Cleric says testimonial ‘not a defence of’ paedophile

Patrick Barry, 80, a former national school principal from Killkee, Co. Clare, is led away after being sentenced at Ennis Circuit Court on Wednesday.

A priest who described daily Mass-going paedophile, Patrick Barry as a “spiritual man” said yesterday his court testimonial “was not a defence of” the convicted man.

Canon Bob Hanna confirmed last night that his Church of Ireland “at top and local levels” have queried why he gave a testimonial on behalf of the former school principal in court earlier this month.

Canon Hanna released the statement after one of Barry’s 11 victims said after his sentencing that she was ‘disturbed’ by the priest’s testimonial.

On Wednesday at Ennis Circuit Court, Judge Gerald Keyes sentenced Barry, aged 80, to 11 years in jail with the final five suspended.

The girls were aged between 9 and 13 when the abuse took place at Moyasta NS between 1964 and 1985.

However, prior to sentencing but after Barry’s conviction of 59 counts of sexual assault against the girls, Canon Hanna described Barry as a ‘spiritual man’.

In the testimonial penned by the Ennis based priest, it stated that Canon Hanna has known Barry for 20 years.

Canon Hanna said: “Padraig’s life of faith was intertwined naturally and gently with normal human pursuits...

The image presented by the conviction seems such a shocking aberration from the generally held picture of a genial, courteous and fulfilled and happily retired professional man whose erudition in local history and culture and church music would make him forever engaged and an enthusiastic neighbour to all.”

Canon Hanna said “Padraig de Barra would have been the last person one would have thought to be involved in any act that would hurt or offend a child”.

Canon Hanna also referred to Barry’s victims in his testimonial speaking of “embracing in love and empathy the real people who live with their tales of hurt and loss”.

In response to the victim’s comments, Canon Hanna said last night: “I fully understand her feelings and those of her fellow victims following the immense hurt which has accompanied them over past decades up to and including the sentencing of Mr Barry. Of course, unreservedly, I would want to make this support even more resonant now that the judge has pronounced…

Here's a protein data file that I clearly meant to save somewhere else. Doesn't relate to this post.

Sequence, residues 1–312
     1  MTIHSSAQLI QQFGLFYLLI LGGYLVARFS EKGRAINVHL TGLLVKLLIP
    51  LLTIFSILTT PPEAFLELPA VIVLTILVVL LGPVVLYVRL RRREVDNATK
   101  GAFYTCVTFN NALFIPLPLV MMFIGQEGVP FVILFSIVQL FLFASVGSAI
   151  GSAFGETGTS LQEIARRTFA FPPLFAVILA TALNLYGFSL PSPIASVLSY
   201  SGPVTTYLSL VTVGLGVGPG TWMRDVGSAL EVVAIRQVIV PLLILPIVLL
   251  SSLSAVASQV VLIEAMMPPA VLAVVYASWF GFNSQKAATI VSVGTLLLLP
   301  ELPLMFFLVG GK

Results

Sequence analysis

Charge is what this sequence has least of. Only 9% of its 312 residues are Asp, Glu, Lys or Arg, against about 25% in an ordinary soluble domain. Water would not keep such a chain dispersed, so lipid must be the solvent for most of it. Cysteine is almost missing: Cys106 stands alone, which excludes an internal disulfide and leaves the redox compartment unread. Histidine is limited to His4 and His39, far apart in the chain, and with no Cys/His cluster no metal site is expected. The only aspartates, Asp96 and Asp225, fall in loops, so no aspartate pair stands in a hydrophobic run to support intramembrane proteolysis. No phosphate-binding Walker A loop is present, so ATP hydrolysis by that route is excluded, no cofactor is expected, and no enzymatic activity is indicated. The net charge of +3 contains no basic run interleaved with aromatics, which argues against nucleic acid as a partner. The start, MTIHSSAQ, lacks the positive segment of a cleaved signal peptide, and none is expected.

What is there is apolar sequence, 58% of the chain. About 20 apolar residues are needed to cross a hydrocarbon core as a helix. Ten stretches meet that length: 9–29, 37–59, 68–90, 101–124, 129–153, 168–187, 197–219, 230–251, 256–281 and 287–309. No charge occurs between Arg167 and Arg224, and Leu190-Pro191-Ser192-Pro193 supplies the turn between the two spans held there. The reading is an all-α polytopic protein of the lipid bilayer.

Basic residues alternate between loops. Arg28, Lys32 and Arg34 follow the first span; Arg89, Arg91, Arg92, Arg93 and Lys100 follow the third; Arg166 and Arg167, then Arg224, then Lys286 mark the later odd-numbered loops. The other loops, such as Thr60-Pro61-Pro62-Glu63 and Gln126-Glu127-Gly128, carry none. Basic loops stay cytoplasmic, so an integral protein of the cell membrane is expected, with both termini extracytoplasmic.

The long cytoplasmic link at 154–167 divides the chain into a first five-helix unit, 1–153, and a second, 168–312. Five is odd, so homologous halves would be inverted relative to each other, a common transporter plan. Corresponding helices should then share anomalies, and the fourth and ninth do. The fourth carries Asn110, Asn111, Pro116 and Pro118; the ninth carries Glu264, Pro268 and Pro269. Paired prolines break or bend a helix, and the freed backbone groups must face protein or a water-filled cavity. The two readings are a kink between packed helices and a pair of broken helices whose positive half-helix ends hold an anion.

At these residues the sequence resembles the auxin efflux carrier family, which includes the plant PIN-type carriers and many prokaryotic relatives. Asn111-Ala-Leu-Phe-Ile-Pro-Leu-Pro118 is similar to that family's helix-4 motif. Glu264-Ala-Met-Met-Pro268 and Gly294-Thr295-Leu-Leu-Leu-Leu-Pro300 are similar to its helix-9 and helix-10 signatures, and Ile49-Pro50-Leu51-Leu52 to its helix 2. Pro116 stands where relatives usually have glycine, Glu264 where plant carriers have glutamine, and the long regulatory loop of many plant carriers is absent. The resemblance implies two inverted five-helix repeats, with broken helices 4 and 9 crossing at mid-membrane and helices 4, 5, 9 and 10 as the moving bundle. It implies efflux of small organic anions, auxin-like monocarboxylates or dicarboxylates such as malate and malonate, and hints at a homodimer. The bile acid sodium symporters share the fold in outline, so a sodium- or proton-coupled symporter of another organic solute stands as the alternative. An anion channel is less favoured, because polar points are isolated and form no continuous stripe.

“Without qualification, the ladies who have suffered this abuse have and deserve my first and greatest sympathy.”

Canon Hanna said that at short notice, he was asked to give a background testimonial for Mr Barry.

“The testimonial was seen on my part to be merely rounding off a personal picture of the man alongside other testimonials. It was not a defence of the man who was convicted.

“I didn’t have the proper opportunity to meet with the offended ladies and offer my condolences as a priest and perhaps I might soon have that.”

Canon Hanna said: “Please include me firmly among the many who stand with the abused known and unknown, hurt and confused at this story of horror surfacing so belatedly from school children of yesteryear but all too real on our doorstep as damaged adults. Justice has been seen to be done, now we must help each other to pick up the pieces.”


Lifestyle

Mountaintop monasteries, vicious-looking vultures, and a seriously impressive cable car.As Ryanair launches flights to Armenia, here’s why it deserves to be your next holiday destination

Jools Holland and his Rhythm & Blues Orchestra played a storming gig at Cork Opera House, writes Des O'Driscoll Live Music Review: Jools Holland and his Rhythm & Blues Orchestra

Concerns about people’s ability to access their own money have been growing – here’s what the debate is all about.Are we actually going to end up as a cashless society?

Esther N McCarthy mixes it up with spins on kitchen classics, Munster-based design news plus an absolute diamond of a poufMade in Munster: Wish list of the best products in the province

More From The Irish Examiner